COC

economy

Reframing the Economy through Women's Eyes

Global Women's Project | Wed, Apr 27, 2011

Reframing the Economy through Women's Eyes

Maria Riley presented “Reframing the Economy through Women’s Eyes” at the 2011 Ecumenical Advocacy Days. The presentation discusses problems with our current economic model and provides alternatives for moving forward toward a more sustainable and just future. It emphasizes and uses Feminist Political Economics and highlights the importance of accounting for unpaid household care work.

Rethinking Bretton Woods | Tue, Apr 15, 2014

Center of Concern Holds Events at World Bank/IMF Spring Meetings

During the week of April 7, the Rethinking Bretton Woods Project advocated for justice during the Spring meetings of the World Bank and International Monetary Fund. The project was involved in several events that discussed investment climate, infrastructure, and the effects of Federal Reserve policies on developing countries and external debt. Photo by Center of Concern/C Bain

 

Center of Concern Speaks on Human Rights Responsibilities of the Financial Sector

Rethinking Bretton Woods | Sun, Dec 2, 2012

Center of Concern Speaks on Human Rights Responsibilities of the Financial Sector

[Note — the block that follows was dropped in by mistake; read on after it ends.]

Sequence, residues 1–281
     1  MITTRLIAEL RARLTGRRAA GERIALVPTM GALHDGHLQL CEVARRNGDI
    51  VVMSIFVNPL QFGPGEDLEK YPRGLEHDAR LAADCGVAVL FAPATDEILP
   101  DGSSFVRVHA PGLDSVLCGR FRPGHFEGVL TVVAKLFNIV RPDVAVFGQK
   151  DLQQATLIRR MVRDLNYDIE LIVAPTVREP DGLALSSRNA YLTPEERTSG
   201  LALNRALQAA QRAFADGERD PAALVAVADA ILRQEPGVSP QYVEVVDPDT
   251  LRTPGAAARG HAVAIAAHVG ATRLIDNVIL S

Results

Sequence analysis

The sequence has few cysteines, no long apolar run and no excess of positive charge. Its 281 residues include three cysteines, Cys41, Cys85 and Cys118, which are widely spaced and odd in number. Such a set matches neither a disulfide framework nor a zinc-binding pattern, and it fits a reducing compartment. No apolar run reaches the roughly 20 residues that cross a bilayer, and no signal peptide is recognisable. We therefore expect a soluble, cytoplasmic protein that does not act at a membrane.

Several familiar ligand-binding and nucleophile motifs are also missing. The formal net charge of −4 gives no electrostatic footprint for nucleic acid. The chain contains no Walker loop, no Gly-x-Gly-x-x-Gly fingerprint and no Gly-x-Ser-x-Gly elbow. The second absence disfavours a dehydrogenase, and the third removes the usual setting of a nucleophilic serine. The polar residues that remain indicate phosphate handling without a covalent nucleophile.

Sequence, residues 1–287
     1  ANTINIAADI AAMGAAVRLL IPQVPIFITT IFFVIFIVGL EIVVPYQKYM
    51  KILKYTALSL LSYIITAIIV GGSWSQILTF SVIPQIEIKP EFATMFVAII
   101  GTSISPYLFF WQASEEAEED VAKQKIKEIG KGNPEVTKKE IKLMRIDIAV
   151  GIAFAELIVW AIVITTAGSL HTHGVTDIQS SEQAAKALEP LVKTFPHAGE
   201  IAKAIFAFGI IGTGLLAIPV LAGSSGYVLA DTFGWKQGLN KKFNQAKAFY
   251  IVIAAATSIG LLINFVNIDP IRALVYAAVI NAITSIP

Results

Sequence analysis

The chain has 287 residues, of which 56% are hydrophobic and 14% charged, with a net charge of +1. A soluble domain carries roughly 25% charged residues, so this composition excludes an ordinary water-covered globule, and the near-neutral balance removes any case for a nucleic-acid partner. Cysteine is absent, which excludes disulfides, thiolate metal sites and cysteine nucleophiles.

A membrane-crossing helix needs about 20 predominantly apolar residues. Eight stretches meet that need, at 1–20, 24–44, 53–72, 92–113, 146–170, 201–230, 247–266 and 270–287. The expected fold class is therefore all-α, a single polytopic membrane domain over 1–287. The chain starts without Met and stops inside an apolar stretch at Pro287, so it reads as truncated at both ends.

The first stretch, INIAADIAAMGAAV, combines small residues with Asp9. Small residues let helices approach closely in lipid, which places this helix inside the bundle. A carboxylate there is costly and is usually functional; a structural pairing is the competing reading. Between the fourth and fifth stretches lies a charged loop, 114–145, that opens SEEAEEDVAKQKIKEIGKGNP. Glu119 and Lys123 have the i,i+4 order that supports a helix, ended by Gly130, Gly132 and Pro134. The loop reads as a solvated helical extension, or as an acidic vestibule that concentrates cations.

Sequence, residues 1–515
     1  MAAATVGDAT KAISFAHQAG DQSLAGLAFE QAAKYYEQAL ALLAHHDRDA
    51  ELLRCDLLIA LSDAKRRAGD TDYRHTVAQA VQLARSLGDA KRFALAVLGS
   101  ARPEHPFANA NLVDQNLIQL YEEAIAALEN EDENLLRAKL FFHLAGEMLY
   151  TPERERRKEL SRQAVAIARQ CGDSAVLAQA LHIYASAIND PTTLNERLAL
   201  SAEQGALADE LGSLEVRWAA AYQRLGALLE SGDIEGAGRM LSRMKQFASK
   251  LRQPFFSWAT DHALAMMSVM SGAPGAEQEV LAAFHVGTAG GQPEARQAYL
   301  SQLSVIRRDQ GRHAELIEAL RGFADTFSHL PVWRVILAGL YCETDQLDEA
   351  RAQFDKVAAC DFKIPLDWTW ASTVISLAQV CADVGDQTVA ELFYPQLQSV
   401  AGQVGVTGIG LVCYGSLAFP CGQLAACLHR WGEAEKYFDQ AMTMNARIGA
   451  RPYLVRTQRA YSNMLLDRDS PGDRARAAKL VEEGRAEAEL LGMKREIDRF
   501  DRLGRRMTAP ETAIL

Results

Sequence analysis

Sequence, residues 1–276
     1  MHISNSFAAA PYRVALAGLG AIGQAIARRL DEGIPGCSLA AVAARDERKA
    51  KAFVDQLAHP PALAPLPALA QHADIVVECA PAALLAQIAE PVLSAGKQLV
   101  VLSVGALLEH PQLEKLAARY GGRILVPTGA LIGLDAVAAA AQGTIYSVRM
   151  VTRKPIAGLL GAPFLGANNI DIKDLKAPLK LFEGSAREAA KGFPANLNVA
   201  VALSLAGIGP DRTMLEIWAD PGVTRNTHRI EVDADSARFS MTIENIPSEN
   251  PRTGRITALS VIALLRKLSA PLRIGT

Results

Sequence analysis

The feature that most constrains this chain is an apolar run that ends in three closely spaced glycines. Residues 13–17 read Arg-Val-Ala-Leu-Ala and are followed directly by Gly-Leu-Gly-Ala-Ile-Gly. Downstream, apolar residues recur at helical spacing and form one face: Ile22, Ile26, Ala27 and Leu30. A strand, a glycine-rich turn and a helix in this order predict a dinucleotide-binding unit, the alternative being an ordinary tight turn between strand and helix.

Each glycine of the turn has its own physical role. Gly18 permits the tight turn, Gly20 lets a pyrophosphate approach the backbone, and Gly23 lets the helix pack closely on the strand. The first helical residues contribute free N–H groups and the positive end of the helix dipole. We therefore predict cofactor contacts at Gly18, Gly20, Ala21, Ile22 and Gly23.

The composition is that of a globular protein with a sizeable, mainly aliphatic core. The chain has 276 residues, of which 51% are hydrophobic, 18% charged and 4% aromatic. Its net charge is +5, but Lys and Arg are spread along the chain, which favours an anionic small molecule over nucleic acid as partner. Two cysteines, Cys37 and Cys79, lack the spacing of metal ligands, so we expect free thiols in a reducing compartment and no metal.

Center of Concern staff Aldo Caliari represented the Center of Concern at the UN Forum on Business and Human Rights, held in Geneva on December 4 and 5 2012. On the 5th, he was a panelist at a session of the Forum addressing the theme “The finance sector and the implementation of the UN Guiding Principles on Business and Human Rights.”

Download full programme of the Forum.

Webcast of panel presentations (Caliari's presentation begins at 03:28)

More information on the Forum.

Presidential Politics:  Time for a new vision for the economy

Center of Concern | Thu, Oct 16, 2008

Presidential Politics: Time for a new vision for the economy

In last night's presidential debates, Senator McCain and Senator Obama offered competing vsions for the economy.  Both attempted to address the concerns and aspirations of middle class Americans in the midst of the dual housing and financial crises driven by Wall Street.  This got me thinking back to the root causes of the crises.  I’ve followed the technical discussions on bundled mortgage securities and over-leveraged firms, and no doubt many people made reckless decisions, but the problem lies even deeper with the economic philosophy that has reigned for over 30 years.